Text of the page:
Band of Joy
After the success of 2007’s Raising Sand – the album that finally won Robert Plant a Grammy award (Led Zeppelin received a Lifetime Achievement Award in 2005) it would have been easy to replicate that effort. But Plant is an avid musical explorer who’s wide-ranging interest has taken him to northern Africa, the British Isles, to Appalachia and the American south. Turning down a chance to tour with a reunited Led Zeppelin, Plant headed into the studio with a new band led by guitarist and co-producer Buddy Miller.
Band of Joy is named after Plant’s first band, one he established at age seventeen with future Led Zeppelin drummer John Bonham. In those days Plant covered other writer’s songs, drawing out his own musical personality and voice by re-interpreting their music. Plant does the same here, choosing 12 songs that allow him to “re-invoke that attitude and sentiment.” He begins by injecting a middle-eastern sensibility into the Los Lobos song “Angel Dance.” Plant shows impeccable taste in songwriters, following up with Richard Thompson’s superbly crafted “House of Cards.” Buddy Miller doesn’t attempt to imitate Thompson’s distinctive guitar style, opting instead for grinding, rhythmic strumming. “Central Two-O-Nine” is a Plant/Miller original that emanates from Appalachian roots from the train metaphor to the twanging banjo, mandolin, and accordion.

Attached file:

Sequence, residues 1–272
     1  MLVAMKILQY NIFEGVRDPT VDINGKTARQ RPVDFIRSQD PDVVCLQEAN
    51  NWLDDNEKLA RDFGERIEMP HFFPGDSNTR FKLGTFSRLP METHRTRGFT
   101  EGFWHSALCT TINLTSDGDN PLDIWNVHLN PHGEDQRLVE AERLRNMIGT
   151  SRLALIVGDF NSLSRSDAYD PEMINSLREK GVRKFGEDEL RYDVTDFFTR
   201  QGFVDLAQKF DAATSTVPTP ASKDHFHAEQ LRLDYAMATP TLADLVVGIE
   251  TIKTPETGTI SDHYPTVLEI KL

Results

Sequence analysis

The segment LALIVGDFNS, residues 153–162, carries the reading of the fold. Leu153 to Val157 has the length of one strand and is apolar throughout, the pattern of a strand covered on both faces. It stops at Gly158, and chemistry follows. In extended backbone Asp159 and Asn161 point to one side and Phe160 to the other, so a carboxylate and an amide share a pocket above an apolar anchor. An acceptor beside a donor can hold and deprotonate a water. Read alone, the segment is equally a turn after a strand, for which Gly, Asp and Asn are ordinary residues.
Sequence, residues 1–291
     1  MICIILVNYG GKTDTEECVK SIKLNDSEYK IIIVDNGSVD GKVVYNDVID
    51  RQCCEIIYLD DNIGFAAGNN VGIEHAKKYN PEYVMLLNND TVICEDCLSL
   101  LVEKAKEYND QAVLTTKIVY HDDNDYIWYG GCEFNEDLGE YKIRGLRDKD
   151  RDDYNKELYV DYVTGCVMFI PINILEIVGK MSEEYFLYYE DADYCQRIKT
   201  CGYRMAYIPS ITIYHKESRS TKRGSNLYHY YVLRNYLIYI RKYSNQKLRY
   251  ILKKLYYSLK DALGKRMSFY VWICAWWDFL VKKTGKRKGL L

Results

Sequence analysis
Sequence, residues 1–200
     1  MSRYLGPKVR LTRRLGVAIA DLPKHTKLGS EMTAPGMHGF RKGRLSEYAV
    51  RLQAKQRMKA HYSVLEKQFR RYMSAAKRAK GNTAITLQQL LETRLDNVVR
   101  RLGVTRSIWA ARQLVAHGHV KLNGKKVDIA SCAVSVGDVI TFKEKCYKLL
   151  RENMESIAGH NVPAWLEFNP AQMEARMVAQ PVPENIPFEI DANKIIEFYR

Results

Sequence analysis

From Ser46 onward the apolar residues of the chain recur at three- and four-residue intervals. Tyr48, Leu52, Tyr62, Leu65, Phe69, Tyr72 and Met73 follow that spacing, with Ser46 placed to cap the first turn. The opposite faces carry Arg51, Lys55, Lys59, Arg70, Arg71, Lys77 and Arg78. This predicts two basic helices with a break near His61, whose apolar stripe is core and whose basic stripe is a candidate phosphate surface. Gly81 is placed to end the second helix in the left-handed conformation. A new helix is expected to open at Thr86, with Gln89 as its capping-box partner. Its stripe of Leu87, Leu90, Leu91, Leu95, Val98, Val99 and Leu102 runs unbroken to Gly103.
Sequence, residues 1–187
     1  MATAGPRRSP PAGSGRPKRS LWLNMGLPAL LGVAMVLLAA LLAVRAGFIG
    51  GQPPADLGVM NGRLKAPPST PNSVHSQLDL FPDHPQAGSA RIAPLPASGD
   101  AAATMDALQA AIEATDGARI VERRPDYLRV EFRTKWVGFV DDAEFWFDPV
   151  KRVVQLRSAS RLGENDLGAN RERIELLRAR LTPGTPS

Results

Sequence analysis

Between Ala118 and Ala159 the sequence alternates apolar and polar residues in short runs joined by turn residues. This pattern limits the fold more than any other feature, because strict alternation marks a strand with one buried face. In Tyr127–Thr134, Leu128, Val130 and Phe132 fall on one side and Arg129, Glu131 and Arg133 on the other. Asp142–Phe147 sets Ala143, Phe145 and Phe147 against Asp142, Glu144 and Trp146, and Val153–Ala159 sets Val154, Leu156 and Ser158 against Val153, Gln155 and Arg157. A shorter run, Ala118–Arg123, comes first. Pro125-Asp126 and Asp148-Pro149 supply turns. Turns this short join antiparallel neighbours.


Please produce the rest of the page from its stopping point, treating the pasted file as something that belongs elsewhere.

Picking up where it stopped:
Patty Griffin plays a prominent role on several tracks, although not as Alison Krauss did on Raising Sand. Instead of playing the duet partner Griffin is a foil for Plant, or, as he puts it, “the serene…sidekick.” Her ethereal vocals drift behind his, a ghostly presence in songs like “Silver Rider” and “Monkey.” “Can’t Buy My Love” gives Plant and Griffin the chance to celebrate old-time rock ‘n’ roll.
In press releases Plant has expressed a love of lyric and he exhibits an impeccable ear for language. Selecting Townes Van Zandt’s foreboding “Harm’s Swift Way” Plant and Griffin infuse the lamenting lyrics with a hopeful spirit. Plant wraps the album with two gospel inspired songs. “Satan Your Kingdom Must Come Down” is stripped to the bone with acoustic instrumentation and muted harmonies. “Even This Shall Pass Away” underscores Plant’s penchant for surprising reinterpretations of traditional material. Although the lyrics are all gospel, the arrangement is percussive – drums and guitar – and Plant’s edgy phrasing.